Web Covers Every Angle for Baseball Fans and Professionals

What are a few of the baseball Web sites that would receive my vote for MVP?

Baseball-Reference.com keeps improving on a monthly basis. It just keeps getting better and better. Of course, I’ve had a long-term bias toward statistics. 

Baseball-Reference.com is a site where a baseball stat geek like myself can immerse himself in the broad richness of data available in our sport. Where else can you find a page like this one? Imagine up-to-date splits — not just on players but on teams. That’s new and terrific.

Baseball Prospectus is probably the MVP for most professionals in baseball. The articles are consistently valuable. And every day you can check your team’s chances of making the playoffs in three different formats — Elo-based, Pecota-based and the original methodology.

Buster Olney’s blog for ESPN.com provides a daily must-read for what is happening around the country in the game. There are links to every worthwhile article in the game of baseball every day in addition to commentary that is insightful and comprehensive.

Then there’s Retrosheet, where you can find box scores for virtually every baseball game ever played, including daily standings of each season.

I first heard of Who Wins in 2004 during the playoffs against the Yankees. When we were down 3-0, the odds were pretty clear. I believe those same odds are currently are up to 1.1 percent now — three out of 271 series in all sports.

According to the site:

“As for the 2004 Boston Red Sox: After surmounting a one-run deficit after eight full innings in series 936 Game 4, and after surmounting a two-run deficit after seven full innings in Game 5, the Red Sox never tasted another deficit during the rest of the 2004 MLB postseason. Not during series 936 Games 6 and 7 in New York; not during series 938 vs. the St. Louis Cardinals (which won the 1946 and 1967 MLB Finals in seven games vs. the Red Sox) in the 2004 MLB Finals.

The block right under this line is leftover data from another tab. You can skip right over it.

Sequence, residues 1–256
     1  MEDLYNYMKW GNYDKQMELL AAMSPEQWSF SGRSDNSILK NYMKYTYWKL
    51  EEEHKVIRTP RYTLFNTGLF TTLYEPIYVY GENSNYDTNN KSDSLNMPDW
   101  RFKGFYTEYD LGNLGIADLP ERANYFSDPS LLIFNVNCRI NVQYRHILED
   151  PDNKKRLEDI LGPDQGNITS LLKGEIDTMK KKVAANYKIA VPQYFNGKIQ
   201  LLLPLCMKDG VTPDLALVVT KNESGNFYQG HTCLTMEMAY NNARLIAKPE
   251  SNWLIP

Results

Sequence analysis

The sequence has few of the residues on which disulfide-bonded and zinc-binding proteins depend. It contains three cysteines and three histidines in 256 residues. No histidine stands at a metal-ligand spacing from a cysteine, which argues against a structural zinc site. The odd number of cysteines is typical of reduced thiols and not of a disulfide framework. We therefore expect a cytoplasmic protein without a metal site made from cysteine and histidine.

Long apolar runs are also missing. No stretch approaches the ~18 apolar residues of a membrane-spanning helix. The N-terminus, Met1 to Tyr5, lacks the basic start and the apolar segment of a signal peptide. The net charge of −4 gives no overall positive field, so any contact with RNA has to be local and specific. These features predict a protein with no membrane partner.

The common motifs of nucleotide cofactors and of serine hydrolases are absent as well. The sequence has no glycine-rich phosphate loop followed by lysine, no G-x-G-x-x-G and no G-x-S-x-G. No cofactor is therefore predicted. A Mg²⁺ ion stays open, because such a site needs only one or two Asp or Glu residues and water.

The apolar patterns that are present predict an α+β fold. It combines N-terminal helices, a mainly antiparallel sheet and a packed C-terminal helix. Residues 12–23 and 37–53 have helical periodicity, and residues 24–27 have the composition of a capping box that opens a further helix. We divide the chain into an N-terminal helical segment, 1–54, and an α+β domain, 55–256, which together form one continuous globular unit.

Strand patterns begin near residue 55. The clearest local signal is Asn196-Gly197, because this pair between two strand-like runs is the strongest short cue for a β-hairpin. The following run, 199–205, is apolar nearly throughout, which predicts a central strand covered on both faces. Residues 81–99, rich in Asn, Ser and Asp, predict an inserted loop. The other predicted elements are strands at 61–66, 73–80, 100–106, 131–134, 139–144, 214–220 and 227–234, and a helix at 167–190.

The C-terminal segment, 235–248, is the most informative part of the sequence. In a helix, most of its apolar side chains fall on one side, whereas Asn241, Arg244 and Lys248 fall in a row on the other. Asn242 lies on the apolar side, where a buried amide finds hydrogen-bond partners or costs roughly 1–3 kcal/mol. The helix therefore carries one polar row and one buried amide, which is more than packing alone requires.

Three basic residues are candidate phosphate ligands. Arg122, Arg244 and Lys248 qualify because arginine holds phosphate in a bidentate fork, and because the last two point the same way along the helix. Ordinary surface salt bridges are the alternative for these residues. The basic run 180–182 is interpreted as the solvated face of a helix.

“So dominant were the Boston Red Sox after series 936 Game 5 that they led New York after 30 of 36 half-innings in Games 6 and 7, and led St. Louis after 64 of the 70 half-innings in the 2004 MLB Finals. The Red Sox both swept and annihilated the Cardinals in the 2004 MLB Finals — it was the first MLB best-of-7 playoff series WhoWins™ annihilation since the 1989 MLB Finals.

“Exiting the 2004 MLB playoffs, the Boston Red Sox hold an active MLB-record streak of 59 consecutive innings without having trailed in a best-of-7 MLB playoff series game; this streak broke the record of the 56 1/2 consecutive deficit-free innings set by the Oakland Athletics in best-of-7 MLB playoff series during 1989 and 1990. [The 59 and 56 1/2 numbers disregard ninth innings in which the Red Sox in Boston and the Athletics in Oakland did not bat; if such innings were considered, those numbers would be 60 and 57 1/2, respectively.] … In terms of following up a comeback series victory in the wake of a 3-games-nil best-of-7 MLB/NBA/NHL playoff series deficit, the 1975 New York Islanders and the 2004 Boston Red Sox are profiles in dissimilar excellence.”

OK, this has to be my favorite baseball site!